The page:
Ponds first, (maybe) housing second
Aspen is about to have a great new public place that will increase vitality. There is a multi-objective proposal by the engineering department working with parks department to create an urban wetland.
The new Jenny Adair project, to be located between Puppy Smith Street and the Roaring Fork River, will also be a place for the stormwater falling on our streets to collect and cleanse before flowing to the river.
In the fall and spring migrating waterfowl will use this area. Some will stay, nest and raise their young here. Both locals and guests will visit the site with their children to interact with the ducks and geese and maybe even feed them grain dispensed from a vending machine. The bird watchers and photographers will have a ball.
The local environmental organizations that work with our schools could develop an interpretive program to show what happens to stormwater in a city, and what must be done to it before it can flow to the river. The students, as a science project, may take water samples to monitor the effectiveness of the project.
They can also examine what happens to the various aquatic plants with changing water levels or toxic spills. Aspen could be the leader in the country showing how to turn an urban problem into a community asset.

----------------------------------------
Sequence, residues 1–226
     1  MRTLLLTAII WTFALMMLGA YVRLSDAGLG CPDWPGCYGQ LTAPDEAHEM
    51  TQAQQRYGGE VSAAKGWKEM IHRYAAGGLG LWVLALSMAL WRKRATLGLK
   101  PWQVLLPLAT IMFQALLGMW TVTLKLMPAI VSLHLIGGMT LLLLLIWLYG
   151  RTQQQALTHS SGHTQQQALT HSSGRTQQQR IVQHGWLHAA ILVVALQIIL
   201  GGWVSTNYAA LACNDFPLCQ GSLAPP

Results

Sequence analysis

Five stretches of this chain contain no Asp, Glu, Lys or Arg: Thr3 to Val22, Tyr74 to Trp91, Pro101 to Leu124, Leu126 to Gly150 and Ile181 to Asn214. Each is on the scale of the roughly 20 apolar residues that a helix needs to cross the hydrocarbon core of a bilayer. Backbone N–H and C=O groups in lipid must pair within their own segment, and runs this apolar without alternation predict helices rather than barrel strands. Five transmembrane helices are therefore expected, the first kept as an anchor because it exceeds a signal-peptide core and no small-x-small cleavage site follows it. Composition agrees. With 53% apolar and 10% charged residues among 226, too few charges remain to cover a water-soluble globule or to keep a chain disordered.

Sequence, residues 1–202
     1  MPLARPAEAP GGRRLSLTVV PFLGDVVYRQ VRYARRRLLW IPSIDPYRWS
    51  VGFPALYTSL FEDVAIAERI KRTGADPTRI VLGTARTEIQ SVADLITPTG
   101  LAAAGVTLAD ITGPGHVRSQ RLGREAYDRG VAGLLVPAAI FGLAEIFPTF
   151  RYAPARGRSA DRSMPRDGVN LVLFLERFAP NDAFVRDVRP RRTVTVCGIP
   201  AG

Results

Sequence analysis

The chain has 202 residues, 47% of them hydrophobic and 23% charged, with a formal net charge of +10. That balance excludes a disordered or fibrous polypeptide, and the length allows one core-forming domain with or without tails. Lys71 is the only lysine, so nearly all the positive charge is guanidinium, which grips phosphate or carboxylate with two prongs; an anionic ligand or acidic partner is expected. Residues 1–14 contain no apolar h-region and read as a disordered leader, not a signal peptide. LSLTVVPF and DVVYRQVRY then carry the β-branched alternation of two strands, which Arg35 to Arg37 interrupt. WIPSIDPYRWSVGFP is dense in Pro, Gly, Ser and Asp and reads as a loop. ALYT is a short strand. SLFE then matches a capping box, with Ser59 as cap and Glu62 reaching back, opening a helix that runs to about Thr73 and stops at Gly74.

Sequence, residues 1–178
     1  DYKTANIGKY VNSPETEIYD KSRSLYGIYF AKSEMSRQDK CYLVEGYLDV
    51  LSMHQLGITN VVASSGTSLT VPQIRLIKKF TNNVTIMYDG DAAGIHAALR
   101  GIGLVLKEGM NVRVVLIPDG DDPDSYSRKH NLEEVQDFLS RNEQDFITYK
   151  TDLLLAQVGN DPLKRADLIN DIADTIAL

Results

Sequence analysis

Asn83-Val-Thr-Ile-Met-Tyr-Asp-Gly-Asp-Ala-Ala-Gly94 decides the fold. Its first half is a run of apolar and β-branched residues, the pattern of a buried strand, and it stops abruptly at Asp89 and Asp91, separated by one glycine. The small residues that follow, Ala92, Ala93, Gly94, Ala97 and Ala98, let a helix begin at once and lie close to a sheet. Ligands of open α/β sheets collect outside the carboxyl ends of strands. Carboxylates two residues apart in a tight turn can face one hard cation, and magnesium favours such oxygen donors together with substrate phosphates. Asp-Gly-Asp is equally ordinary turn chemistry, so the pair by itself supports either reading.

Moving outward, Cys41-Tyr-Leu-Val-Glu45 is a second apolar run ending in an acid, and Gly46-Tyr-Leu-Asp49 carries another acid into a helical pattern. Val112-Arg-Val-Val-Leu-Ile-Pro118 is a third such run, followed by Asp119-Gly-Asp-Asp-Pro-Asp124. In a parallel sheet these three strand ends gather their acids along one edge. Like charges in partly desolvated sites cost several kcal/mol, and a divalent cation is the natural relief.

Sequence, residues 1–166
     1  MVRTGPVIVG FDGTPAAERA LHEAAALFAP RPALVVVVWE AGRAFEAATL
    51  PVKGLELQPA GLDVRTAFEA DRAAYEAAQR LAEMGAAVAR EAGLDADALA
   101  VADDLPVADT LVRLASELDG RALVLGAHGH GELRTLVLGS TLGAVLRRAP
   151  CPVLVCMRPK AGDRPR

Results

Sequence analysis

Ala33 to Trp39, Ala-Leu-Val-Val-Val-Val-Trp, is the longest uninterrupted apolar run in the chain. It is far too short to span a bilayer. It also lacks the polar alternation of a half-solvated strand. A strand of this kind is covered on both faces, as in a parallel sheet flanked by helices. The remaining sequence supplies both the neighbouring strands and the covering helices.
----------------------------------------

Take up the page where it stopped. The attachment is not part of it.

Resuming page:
Too good to be true? Not entirely; there is a minor problem.
For several years the city has been studying the possibility of building some city employee housing on Puppy Smith at the north edge of the wetlands project site. The housing studies are complete, and on Monday the City Council will consider action to ask the voters to approve this housing project at the next election.
This vote is necessary because the land was purchased with open-space money, and therefore cannot be sold or used for any other purpose without voter approval.
The proposed building site for the three employee units is between Puppy Smith and the new retention ponds and will be both a physical and visual barrier between the public and the wetlands. Also, there is an existing trailhead that begins on Puppy Smith at the housing site and runs east of the ponds to the river, giving a view into this new wetland.
Any decision to develop the area along Puppy Smith for housing should be postponed until after the wetland is up and running. Then an informed decision can be made as to whether the strip along the street should be used for parking to accommodate students, locals and guests who want to enjoy the wetlands and use the trail, or whether it should be converted to city employee housing.
The council should not put this transfer of open space on the ballot until all the facts are known. Once the Jenny Adair project is finished and matured, we will know what action will produce the most public benefit. Members of the council must ask themselves: “What will do the most good, for the most people, for the longest time?”
The answer is obvious, as housing can be located somewhere else – the retention ponds cannot.
Let’s wait for all the facts, before we have a referendum that could lead us down the wrong path.
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